At the same time, Phoenix doesn't know if Bledsoe is just an athletically-gifted defensive menace with fine scoring and playmaking abilities, or an All-Star caliber point guard. Will he be an overpaid borderline star or an underpaid perennial All-Star?
In the 2012 offseason, the Philadelphia 76ers signed point guard Jrue Holiday to a four-year, $41 million contract with incentives of around $5 million. The Sixers, however, had evidence that Holiday was a blossoming starting point guard.
What's the evidence with Bledsoe? He still hasn't gained experience as a starting point guard on a day-to-day basis. He will have chances to prove himself this season even with Goran Dragic playing with him, yet if the Suns were forced today to hand a contract to the 18th pick from 2010 draft, it shouldn't be for more than $40 million.
THE EXTENSION ARBITRATOR SAYS: $40 MILLION OVER FOUR YEARS
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Davis doesn't have the notoriety across the NBA like Bledsoe, Monroe or Hayward, but he's quietly in a fine position to earn an impressive contract extension. His involvement in the Rudy Gay trade that moved him from Toronto to Memphis didn't help his value, especially since former Grizzlies coach Lionel Hollins restricted his minutes behind Marc Gasol and Zach Randolph.
But there's a lot to like. Davis has averaged a double-double per 36 minutes for all three of his NBA seasons. Though offensively limited, he's efficient when he does shoot, as he's almost always deep in the paint. Randolph has two expensive seasons left on his contract, and should the Grizzlies refuse to re-sign him when it ends or somehow trade him before the deal runs out, Davis will be waiting in the wings.
Most impressively, Davis is a 24-year-old with great length and shot-blocking ability, which, alongside Gasol, could keep Memphis in the conversation of Western Conference contenders for quite some time.
THE EXTENSION ARBITRATOR SAYS: FOUR YEARS, $30 MILLION
It's not so much that Evan Turner isn't talented. It's just that Evan Turner might still be looking for who he is as a basketball player. He's versatile and knows the game, but the Philadelphia 76ers guard hasn't put it together to command a role that gives any value. He's an inefficient scorer, and while he's a decent playmaker, he has yet to establish himself as a defensive presence.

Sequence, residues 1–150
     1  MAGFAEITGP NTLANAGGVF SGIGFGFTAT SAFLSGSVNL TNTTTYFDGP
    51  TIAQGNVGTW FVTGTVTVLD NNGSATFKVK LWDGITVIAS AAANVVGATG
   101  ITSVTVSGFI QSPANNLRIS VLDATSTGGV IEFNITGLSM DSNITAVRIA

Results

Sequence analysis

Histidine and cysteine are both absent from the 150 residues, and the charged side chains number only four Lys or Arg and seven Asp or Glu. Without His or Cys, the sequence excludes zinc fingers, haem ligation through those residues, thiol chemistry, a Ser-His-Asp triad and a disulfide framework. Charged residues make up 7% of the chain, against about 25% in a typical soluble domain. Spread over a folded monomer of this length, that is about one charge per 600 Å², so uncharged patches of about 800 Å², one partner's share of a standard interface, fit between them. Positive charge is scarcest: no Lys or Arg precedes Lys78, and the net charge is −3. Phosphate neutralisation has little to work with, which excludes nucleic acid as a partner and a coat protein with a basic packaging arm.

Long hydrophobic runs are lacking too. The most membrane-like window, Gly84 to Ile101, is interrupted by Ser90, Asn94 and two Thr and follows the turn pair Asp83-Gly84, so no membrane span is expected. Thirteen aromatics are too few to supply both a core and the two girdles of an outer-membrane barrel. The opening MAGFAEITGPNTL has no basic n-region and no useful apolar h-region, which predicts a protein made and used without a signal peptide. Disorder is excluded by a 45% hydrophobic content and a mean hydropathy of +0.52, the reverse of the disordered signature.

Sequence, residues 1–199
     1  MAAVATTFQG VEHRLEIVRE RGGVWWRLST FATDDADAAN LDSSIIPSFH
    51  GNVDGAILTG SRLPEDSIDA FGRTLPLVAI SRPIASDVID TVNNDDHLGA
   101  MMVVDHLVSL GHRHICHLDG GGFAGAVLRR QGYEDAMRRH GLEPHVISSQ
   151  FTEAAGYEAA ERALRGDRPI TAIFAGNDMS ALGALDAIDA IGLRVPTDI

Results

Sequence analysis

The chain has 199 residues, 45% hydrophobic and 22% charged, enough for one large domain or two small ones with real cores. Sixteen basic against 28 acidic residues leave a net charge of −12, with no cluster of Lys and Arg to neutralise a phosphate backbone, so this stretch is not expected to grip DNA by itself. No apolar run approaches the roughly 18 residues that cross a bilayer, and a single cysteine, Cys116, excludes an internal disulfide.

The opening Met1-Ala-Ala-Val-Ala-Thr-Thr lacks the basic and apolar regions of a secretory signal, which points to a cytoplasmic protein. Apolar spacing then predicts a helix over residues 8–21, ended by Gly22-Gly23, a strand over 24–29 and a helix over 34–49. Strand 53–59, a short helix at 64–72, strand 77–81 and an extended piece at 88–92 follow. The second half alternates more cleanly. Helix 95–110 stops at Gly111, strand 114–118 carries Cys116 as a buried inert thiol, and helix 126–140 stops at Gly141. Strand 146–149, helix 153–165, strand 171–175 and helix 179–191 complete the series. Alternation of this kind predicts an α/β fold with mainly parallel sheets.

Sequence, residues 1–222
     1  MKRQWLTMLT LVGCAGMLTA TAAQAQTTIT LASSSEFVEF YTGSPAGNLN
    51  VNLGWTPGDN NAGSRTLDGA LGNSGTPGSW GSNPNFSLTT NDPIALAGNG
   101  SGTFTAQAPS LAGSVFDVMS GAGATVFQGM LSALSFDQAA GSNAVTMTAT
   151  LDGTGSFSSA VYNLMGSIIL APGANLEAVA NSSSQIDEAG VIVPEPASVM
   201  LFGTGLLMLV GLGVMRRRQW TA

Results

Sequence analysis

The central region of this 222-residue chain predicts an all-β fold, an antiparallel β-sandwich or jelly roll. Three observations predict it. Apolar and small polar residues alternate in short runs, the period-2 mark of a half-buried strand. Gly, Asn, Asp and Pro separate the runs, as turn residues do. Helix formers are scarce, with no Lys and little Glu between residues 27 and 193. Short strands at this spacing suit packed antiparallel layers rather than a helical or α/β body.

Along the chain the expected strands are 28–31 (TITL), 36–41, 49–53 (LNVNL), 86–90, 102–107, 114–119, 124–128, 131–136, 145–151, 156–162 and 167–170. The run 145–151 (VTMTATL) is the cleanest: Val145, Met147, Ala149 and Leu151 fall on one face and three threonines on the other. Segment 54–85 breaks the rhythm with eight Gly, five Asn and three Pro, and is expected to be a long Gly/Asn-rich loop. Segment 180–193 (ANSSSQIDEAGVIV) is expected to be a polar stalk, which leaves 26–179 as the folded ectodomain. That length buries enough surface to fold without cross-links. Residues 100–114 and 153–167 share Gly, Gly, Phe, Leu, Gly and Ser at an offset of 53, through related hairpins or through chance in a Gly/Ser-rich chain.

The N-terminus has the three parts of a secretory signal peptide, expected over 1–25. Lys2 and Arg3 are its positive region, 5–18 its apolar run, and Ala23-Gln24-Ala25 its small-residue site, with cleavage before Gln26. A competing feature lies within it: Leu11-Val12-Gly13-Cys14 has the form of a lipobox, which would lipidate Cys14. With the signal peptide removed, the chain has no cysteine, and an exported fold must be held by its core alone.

The best-case scenario is Turner eventually finding his way to a playoff contender where he fits in a starting lineup with other stars or coming off the bench. A one-year contract with a new team would be ideal, even if it costs a bit.
THE EXTENSION ARBITRATOR SAYS: DON'T RE-SIGN HIM, PHILLY. RUN FAR AWAY.
Boston likes Avery Bradley. He plays hard, changes games with his defensive pressure and doesn't have many significant weaknesses other than his jumper. Most importantly, Bradley is a winner. The questions, however, revolves around whether Bradley is much more than a defensive stopper. The 22-year-old is still learning the point guard position and will need to play with the same confidence on offense as he does on defense.
Market-wise, Bradley's lack of superstar potential -- that's based purely from the offensive production -- holds him back.
THE EXTENSION ARBITRATOR SAYS: $24 MILLION OVER FOUR YEARS
Last season's runner-up for the NBA's Most Improved Player award has improved in each of his three seasons in the league. Vasquez played with a very good Memphis Grizzlies team three years ago and has only gotten better in his last two seasons in New Orleans. Vasquez averaged 13.9 points, 9.0 assists and 4.3 rebounds per game last year.
Now, he's in Sacramento after an offseason trade. He's not a great defender and could use some consistency on his jumper, but it's his passing ability that will get him paid.
THE EXTENSION ARBITRATOR SAYS: $21 MILLION OVER THREE YEARS